LA Opera “Recovered Voices”

He likes to speak to early-comers
to the Dorothy Chandler as part of the “lecture” events, and his work with the orchestra so far,
and their response to him, indicates a solid relationship being established.

He has also brought with him a passion for the music of a particular set of the composers who
were exiled, banned, or killed by the Nazi regime. He expressed his happiness at having Brecht
and Weill’s Mahagonny as part of this season, and he also helped find the support (primarily
from Marilyn Ziering and the Ziering Family Foundation) for two concert evenings called
“Recovered Voices.” At the second performance, March 10th, he appeared before both halves of
the program to speak with enthusiasm and erudition about the composers and their works. The
evening, it seems, is a preview of repertoire that Conlon intends to bring to the regular LAO
season schedule. In fact, next season he makes a start, with a double-bill evening of Zemlinsky’s
Der Zwerg and Ullman’s Der Zerbrochene Krug.

The first half consisted of a sort of suite that Conlon devised from the music of six composers.
The conductor asked the audience to hold its applause until the end of the final segment, and they
dutifully did so. First came the dark swirl of textures in Franz Schreker’s prelude to Die
. Somewhat ironically, this opera recently appeared on DVD in a performance
conducted by Kent Nagano, Conlon’s predecessor at LAO.

Stacy Tappan, a soprano who has specialized in high-lying roles so far (she sang the Dew Fairy
in LAO’s recent Hansel und Gretel), appeared first on the bare stage, with a screen for
projections behind her. Maiko Nezu designed the tasteful images that evoked the moods if not
always the settings of the various selections. Ms. Tappan sang a charming aria from Walter
Braunfels’ Die Vogel, left and then reappeared with a pianist (uncredited in the program) for a
number from Ernest Krenek’s Jonny spielt auf. A huge hit in its day, even in this short excerpt
one could hear why the opera has become a curiosity today – the jazz elements not very well
incorporated into a timidly modernistic fabric.

Donnie Ray Albert (the father in that same Hansel und Gretel) sang “The Emperor’s farewell”
from Viktor Ullamn’s The Emperor of Atlantis. Out of context, the aria still managed to create a
mood of wistful resignation, an amazing achievement for a man writing in a concentration camp,
and too soon to die there.

Tenor Roderick Dixon took on an aria from Erwin Schulhoff’s Flammen, a discursive affair that
gave a more prominent role to orchestral texture rather than to the vocal line.

All of this music boasted to one degree or another a power and sweep to the orchestration, but
rather less in the way of memorable thematic material. That cannot be said of the final segment,
from Erich Korngold’s Die tote Stadt. Unlike the other operas represented, Korngold’s has
managed to keep a precarious hold on a place on the fringes of the standard repertory. It helps
that the opera features two smashing arias. First Tatiana Pavlovskaya sang “Marietta’s lied,” with
Mr. Dixon joining her. Although her top grew a little wild, Ms. Pavlovskaya had the warm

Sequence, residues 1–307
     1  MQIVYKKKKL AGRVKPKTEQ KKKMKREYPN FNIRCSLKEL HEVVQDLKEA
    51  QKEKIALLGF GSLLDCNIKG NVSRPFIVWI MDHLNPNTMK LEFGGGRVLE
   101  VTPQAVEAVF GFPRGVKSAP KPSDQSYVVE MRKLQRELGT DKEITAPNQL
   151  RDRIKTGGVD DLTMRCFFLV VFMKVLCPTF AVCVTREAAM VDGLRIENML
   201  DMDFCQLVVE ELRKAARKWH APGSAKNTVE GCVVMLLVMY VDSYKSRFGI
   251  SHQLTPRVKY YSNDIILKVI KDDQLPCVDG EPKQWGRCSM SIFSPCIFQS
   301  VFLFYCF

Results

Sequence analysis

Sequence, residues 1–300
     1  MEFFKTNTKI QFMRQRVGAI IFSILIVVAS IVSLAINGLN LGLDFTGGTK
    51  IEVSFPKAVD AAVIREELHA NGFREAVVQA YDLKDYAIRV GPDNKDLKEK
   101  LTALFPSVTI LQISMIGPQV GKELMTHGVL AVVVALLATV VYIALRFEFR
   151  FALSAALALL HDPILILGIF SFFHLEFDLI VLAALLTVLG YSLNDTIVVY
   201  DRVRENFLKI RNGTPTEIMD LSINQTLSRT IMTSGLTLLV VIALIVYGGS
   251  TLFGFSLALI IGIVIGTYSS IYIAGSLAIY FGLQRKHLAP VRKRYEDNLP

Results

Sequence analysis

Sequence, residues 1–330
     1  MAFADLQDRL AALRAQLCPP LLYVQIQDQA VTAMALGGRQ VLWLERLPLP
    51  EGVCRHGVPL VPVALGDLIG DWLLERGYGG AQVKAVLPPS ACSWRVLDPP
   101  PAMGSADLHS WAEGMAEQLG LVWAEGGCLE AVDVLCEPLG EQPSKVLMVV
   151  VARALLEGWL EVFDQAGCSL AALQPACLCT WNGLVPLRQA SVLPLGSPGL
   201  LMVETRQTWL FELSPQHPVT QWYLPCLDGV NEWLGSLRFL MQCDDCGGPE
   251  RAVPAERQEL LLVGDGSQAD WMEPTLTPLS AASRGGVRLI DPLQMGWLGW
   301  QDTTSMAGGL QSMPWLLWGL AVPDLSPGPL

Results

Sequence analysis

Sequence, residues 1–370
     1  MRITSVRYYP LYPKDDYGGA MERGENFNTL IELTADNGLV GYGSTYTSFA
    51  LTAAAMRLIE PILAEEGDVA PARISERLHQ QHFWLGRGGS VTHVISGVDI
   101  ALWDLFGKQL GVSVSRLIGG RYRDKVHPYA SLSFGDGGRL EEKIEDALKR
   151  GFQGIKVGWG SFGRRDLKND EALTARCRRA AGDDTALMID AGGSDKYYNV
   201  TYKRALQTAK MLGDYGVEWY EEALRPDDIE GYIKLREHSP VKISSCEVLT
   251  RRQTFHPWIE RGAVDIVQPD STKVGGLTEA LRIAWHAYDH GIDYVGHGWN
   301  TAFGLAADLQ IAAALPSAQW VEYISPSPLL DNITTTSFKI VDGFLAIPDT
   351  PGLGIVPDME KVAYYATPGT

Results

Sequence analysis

sensuality needed for Korngold’s exquisite tune. Then the fine baritone Martin Gantner, currently
singing Wolfram in the new Tannhäuser at LAO, sang a poignant “Pierrot’s Tanzlied.”

After intermission came a one-act opera from Alexander Zemlinsky, with only minimal direction
for the singers and a few chairs as props, while the projections became a bit more literal in an
attempt to convey the essence of Oscar Wilde’s A Florentine Tragedy. Speaking before the
audience, Conlon detailed Zemlinsky’s unhappy love affair with Gustav Mahler’s future wife
Alma, and suggested that Zemlinsky at least took that pain as a form of creative inspiration.
Basically a psychological battle of wills between a gruff merchant and a young nobleman over
the merchant’s wife, the piece ends with the sort of “twist” which smacks a bit too much of a
Freudian-era Twilight Zone episode. Never short on drama and formal invention, the score would
probably be better known if it had more memorable melodies. And that was true of most of the
evening’s fare. Albert, Pavlovskaya, and Anthony Dean Griffey as the nobleman had to work
against the minimal staging and the story’s claustrophobic nature, and all managed to deserve the
audience’s respect for their efforts.

Much of this repertory was written in the first third of the last century, and in an opera world
eager for fresh material, it seems unlikely that an undiscovered masterpiece lies among the works
of these composers. The works must stand on their own, regardless of the tragic fate of their
composers. Conlon’s passion, however, makes him a brilliant advocate, and Los Angeles Opera
audiences will at least know that a steady diet of Traviata and Bohème will be interspersed with
the dark, sometimes acerbic work of these composers over the coming seasons.

Chris Mullins

image_description=Donnie Ray Albert as Simone and Tatiana Pavlovskaya as Bianca in Alexander Zemlinsky’s Eine florentinische Tragˆdie (A Florentine Tragedy) Photo by: Robert Millard
product_title=Above: Donnie Ray Albert as Simone and Tatiana Pavlovskaya as Bianca in Alexander Zemlinsky’s Eine florentinische Tragˆdie (A Florentine Tragedy)
Photo by: Robert Millard